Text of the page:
"Way behind the curve" is the way Burger describes C of C. He also wonders if a special program at C of C (SNAP--for "students with learning disabilities") is being abused by coaches (i.e., Herrion) "looking for an edge."

As opposed to not being abused elsewhere? Why would C of C be different, unless players have routinely been routed through SNAP as a substitute for the academic support they would have received at Clemson?

Why the problem now? The College of Charleston entered Division I sports in "the early 1990s," a decade before Herrion was hired. Therefore, if a new kind of athlete were needed, these must have been recruited by John Kresse, who retired in 2002.

Why was Herrion's contract renegotiated in 2003 on the basis of the performance of students recruited by Kresse? Maybe it was the "fog" of victory?

How could C of C players who were "not college material" stay on track to graduate for a decade--from the early 1990s when the college entered Division I (and won a championship in four years!) until 2002 when Kresse retired? Is this why Burger complains about Herrion's not getting along with faculty and administration? As if he didn't smooze enough to get instructors to pass his players? May we ask what Kresse's secret was, if not that?

If the basketball roster is almost exclusively made up of players who spent at least one year at a private prep school prior to entering the C of C, why aren't they better prepared as students? Isn't that what prep schools do? We have now come full circle to LaRon Dendy, who is on track to join recruits at Clemson who have done the same. IS academic preparation what "prep" schools do? For basketball players at Division I schools, apparently not!

Why did the majority of C of C players attend prep schools then? Aha! That takes us back to NCAA rules. If a player's SAT scores are below the minimum, his grade-point average must meet a minimum or the player is red-shirted and must sit out freshman year while he brings up his grades.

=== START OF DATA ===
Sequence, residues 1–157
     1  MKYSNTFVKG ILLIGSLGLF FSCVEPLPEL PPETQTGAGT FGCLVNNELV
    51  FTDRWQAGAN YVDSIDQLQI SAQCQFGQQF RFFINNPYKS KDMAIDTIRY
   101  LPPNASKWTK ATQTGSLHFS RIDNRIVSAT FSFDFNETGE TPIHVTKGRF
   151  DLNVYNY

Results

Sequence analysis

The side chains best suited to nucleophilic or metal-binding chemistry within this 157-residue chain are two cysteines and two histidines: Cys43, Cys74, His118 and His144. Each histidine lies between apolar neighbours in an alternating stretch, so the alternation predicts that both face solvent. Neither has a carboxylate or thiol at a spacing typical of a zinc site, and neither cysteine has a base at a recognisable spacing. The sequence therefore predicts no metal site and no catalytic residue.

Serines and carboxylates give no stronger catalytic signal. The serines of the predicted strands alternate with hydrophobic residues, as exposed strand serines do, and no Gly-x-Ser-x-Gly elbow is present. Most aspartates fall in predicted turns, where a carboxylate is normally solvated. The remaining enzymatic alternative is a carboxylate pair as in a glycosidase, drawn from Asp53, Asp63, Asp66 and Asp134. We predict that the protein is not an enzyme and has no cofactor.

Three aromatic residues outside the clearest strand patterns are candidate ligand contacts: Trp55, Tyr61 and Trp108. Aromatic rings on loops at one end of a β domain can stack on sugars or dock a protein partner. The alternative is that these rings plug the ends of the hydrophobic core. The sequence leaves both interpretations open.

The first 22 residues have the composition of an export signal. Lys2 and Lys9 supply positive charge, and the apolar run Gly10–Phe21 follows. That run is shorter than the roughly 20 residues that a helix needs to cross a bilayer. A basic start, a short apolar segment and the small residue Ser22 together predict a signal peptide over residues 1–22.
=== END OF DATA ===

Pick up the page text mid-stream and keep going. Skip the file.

[NOTE: A student who could not meet a minimum grade-point doing high-school-level work will now excel doing college-level work.]

Here's where the prep schools perform. Students who do not meet SAT minimums or grade-point minimums are encouraged by Division I schools not to graduate but to enter prep schools instead, where miraculously in a short time they raise their grade-points so that they do not need to red-shirt! As a coach quoted in a New York Times article said earlier this year, "We can't do anything about the SATs." What are coaches talking about? See quote below from a website on NCAA rules:

The "sliding scale" has also been extended. It will now allow a higher core GPA to reduce the SAT component. A 2.5 core GPA will still require a 820 SAT score, a higher core GPA of 2.75 GPA would need a 720 SAT score, a 3.0 core GPA would only require a 620 SAT score and a 3.55 core GPA would require just a 400 SAT score.

So, Tavon Nelson, who left C of C after drug charges against him were dropped, came from South Kent Prep in Connecticut, having started out at a Baltimore public high school; Josh Jackson, from Notre Dame Prep in Massachusetts (a school of 38 students, half of whom are seniors); Dontaye Draper, from Trinity-Pauling of New York; Jermaine Johnson, from Winchendon Prep in Massachusetts (tuition $34,000 per year); Junior Hairston, from Fork Union Military Academy; Marcus Hammond, from Brewster Academy; Drew Hall, from Montrose Christian Academy in Maryland via two years at Georgetown after being turned down as a sophomore transfer to Gonzaga for not meeting academic standards.

The team's record's slipping for each of the last three years suggests recruiting problems, does it not? Kresse's recruits graduate and Herrion's take their places? What changed? Obvious answer is, the coach, but perhaps strengthened athletic academic programs at "big" schools also played a role. And another mystery arises.

Who pays the prep school tuition?